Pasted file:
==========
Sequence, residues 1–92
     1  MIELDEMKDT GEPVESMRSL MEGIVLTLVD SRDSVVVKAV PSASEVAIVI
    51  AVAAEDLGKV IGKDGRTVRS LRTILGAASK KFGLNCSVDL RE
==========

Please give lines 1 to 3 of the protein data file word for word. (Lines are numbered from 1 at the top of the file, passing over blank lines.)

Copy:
Sequence, residues 1–92
     1  MIELDEMKDT GEPVESMRSL MEGIVLTLVD SRDSVVVKAV PSASEVAIVI
    51  AVAAEDLGKV IGKDGRTVRS LRTILGAASK KFGLNCSVDL RE